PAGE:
Paul is here interpreting the lesson from Exodus discussed above. You will recall that Moses’ face glowed following his descent from Mt. Sinai with the tablets of the law. This change in Moses frightened the people and so Moses wore a veil when addressing the people. When Moses spoke with God, he removed the veil. Paul compares this veil on Moses’ face to the veil he contends prevents some of his fellow Jews from recognizing Jesus as God’s messiah. The metaphor is difficult because Moses’ veil was not designed to hinder the people from seeing or hearing him, but rather to protect them from the radiance of God’s glory by which they felt threatened. Moses, not the people, takes cover under the veil. Consequently, we need to focus not so much on the people as on Moses. When Moses turns to speak with the Lord, the veil is removed. The glory of God is allowed to permeate Moses and he is transfigured with light. But when Moses turns away from the Lord, he must put on the veil.
According to Paul, Moses is rightly understood and seen only when he is face to face with God. He is no longer a mediator between God and Israel. Now God has shown directly into the hearts of his people “to give the light of knowledge of the glory of God in the face of Christ.” II Corinthians 4:6. Thus, only in Jesus Christ are the Hebrew Scriptures fully understood. “And we all,” says Paul, “with unveiled face [like Moses], beholding the glory of the Lord, are being changed [like Moses] into his likeness from one degree of glory to another.” II Corinthians 3:18. What could previously be seen only through the veiled face of Moses can now be seen directly in Jesus. The same transformative power that filled Moses with light now shines through Jesus in the church.
Luke tells the transfiguration story a little differently than do Mark and Matthew who also report this amazing event. In Luke, the disciples are “weighted down” with sleep, but may not have actually fallen asleep. Vs. 32. Luke tells us not only that Jesus was conversing with Moses and Elijah, but also what they were talking about. They were speaking of the “departure” that Jesus was to accomplish at Jerusalem. Vs. 31. It is highly significant that the Greek word Luke uses for “departure” is the same one the Greek Old Testament uses for the title of the second book of the Bible, “Exodus.” The Exodus, of course, is the foundational and most significant saving act of God in the Hebrew Scriptures. Thus, Luke wishes to make absolutely clear that God is about to accomplish through Jesus’ suffering and death a new Exodus, a new saving event. The presence of Moses, the giver of the law, along with Elijah, the greatest of all prophets, indicates that this new Exodus to occur in Jerusalem, the City of David, will fulfill the whole of the Hebrew Scriptures. So when we arrive at verse 51 in which Jesus “set his face to go to Jerusalem,” we know that a critical turning point in the narrative has arrived. Jesus is now zeroing in on his primary objective.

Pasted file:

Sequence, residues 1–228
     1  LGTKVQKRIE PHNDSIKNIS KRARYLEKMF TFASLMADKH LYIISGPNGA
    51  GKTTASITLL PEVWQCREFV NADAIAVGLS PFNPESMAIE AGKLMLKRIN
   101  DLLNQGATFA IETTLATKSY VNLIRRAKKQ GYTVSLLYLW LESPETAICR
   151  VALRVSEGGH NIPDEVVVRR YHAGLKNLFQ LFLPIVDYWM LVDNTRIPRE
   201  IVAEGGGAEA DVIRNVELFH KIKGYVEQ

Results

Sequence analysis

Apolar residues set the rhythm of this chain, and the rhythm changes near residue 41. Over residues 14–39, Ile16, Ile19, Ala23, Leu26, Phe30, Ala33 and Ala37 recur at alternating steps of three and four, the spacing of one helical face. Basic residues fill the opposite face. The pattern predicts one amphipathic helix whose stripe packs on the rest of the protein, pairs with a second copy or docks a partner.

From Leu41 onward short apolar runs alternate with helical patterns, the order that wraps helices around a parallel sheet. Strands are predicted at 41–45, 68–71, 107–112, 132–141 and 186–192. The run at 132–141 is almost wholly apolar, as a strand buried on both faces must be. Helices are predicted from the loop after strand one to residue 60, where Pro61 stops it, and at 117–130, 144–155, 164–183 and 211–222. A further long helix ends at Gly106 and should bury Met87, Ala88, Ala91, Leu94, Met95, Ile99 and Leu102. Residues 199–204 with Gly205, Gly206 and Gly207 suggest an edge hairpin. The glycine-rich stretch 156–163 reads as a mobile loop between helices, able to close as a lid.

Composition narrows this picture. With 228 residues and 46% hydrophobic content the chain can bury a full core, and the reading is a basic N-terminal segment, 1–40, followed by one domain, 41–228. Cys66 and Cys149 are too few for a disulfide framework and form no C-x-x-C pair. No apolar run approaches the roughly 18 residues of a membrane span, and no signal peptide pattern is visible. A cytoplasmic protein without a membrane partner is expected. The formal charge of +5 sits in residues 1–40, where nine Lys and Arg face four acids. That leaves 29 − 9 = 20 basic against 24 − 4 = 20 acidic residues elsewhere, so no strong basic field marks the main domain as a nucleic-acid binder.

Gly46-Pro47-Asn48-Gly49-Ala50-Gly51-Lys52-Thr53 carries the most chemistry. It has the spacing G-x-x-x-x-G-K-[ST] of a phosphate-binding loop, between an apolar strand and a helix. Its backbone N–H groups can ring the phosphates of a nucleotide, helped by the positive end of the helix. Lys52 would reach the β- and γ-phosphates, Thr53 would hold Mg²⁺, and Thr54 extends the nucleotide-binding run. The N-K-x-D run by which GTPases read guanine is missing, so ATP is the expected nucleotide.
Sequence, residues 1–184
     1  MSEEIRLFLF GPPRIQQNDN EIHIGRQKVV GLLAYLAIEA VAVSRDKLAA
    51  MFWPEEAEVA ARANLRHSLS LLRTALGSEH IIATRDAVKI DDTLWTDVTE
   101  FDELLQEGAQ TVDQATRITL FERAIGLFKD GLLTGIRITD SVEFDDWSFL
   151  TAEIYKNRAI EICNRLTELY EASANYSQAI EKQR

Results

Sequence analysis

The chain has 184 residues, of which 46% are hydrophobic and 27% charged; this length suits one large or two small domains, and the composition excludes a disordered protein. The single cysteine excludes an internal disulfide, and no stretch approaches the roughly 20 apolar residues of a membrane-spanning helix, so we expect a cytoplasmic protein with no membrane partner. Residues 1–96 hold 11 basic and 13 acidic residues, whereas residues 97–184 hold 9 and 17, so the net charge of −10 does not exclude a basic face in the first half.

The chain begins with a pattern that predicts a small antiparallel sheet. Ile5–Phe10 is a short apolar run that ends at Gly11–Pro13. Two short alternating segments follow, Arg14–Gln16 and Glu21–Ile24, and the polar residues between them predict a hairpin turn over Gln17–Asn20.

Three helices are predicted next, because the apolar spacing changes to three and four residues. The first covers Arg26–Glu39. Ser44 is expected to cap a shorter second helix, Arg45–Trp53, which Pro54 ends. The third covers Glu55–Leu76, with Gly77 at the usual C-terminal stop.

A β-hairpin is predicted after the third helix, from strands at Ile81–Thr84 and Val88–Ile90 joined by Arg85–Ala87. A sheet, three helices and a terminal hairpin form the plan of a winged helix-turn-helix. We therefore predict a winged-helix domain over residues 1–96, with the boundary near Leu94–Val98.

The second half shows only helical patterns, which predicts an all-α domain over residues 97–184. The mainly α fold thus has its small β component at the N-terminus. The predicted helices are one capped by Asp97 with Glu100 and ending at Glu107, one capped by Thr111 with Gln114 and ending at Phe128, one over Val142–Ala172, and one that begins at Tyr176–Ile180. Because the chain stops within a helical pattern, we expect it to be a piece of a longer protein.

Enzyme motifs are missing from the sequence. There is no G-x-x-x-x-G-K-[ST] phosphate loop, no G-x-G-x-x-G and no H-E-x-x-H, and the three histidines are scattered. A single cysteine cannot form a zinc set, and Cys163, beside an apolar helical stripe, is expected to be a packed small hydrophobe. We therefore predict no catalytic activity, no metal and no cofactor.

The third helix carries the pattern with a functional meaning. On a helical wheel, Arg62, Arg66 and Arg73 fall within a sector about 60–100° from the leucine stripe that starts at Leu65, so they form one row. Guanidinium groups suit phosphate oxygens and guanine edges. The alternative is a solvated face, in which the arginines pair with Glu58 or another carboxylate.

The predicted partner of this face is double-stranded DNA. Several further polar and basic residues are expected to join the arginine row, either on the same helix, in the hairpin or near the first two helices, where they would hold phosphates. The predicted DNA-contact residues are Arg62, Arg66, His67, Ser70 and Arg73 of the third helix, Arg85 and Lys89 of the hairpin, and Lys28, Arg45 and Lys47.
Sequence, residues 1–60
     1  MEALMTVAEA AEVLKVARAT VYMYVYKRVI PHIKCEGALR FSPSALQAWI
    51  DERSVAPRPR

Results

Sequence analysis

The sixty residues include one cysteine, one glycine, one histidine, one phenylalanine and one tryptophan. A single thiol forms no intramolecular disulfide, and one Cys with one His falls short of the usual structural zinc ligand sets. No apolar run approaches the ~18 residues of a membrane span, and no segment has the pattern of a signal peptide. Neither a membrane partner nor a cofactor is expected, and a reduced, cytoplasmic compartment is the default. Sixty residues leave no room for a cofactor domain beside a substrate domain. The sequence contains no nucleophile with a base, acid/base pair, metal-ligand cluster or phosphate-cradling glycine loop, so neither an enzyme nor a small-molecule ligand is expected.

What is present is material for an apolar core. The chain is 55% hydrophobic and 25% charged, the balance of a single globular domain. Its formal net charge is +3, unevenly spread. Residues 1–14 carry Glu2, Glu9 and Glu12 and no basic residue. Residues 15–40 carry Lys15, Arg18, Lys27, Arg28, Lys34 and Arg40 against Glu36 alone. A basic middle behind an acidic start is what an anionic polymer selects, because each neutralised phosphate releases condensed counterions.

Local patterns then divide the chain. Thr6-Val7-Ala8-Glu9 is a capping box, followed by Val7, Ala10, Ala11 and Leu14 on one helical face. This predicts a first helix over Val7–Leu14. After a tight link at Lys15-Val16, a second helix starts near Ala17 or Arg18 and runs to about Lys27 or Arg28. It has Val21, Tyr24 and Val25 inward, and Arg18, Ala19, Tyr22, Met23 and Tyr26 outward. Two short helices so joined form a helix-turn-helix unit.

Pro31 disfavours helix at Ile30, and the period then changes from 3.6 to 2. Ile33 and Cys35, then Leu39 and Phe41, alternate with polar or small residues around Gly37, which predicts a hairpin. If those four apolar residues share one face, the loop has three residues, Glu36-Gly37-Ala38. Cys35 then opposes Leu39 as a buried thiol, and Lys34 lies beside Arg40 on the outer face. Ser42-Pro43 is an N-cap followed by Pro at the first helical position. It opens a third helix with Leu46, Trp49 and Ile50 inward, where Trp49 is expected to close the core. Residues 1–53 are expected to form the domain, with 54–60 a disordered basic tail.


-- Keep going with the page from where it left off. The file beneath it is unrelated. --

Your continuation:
The cloud enveloping the mountain top cannot help but bring to mind God’s appearance in the cloud over Mt. Sinai-the place from which Moses returned glowing with divine glory. Quite understandably, the disciples are afraid of the overshadowing cloud. So, too, the voice from the cloud is reminiscent of the voice thundering from Sinai so terrifying the people of Israel that they begged Moses to implore God no longer to speak directly to them. Exodus 20:18-20. Of course, it is also possible to see in this event a reflection of Elijah’s encounter with God on the holy mountain in the 19th Chapter of 1 Kings. There, too, the prophet encountered a powerful wind storm, an earthquake and a terrifying fire. In this case, however, God’s word was not found in any of these impressive natural events. Instead, God was heard in a “still small voice” or, as some translators have rendered it, “a sound of sheer silence.” I Kings 19:12.
I am intrigued by the possible link to the Elijah story because it alters my Sunday School impression of that voice from the cloud as deep, commanding and terrifying. Although the disciples are frightened as they enter the cloud, there is no indication that the voice from the cloud had a similar effect. Luke does not have the disciples falling on their faces in fear as do Mark and Matthew. Thus, I wonder whether my image of this event has not been colored more by Cecil B. DeMille than careful reading of the text. How does the voice of God really sound? How did the disciples perceive it? Would we know the voice of God even if we heard it? How does this question shape our perception of Jesus as God’s Son?
The marvelous thing about this story is its incomprehensibility. It raises more questions than it answers and reminds us that however much we may think we know about Jesus, we are not close to knowing him fully yet.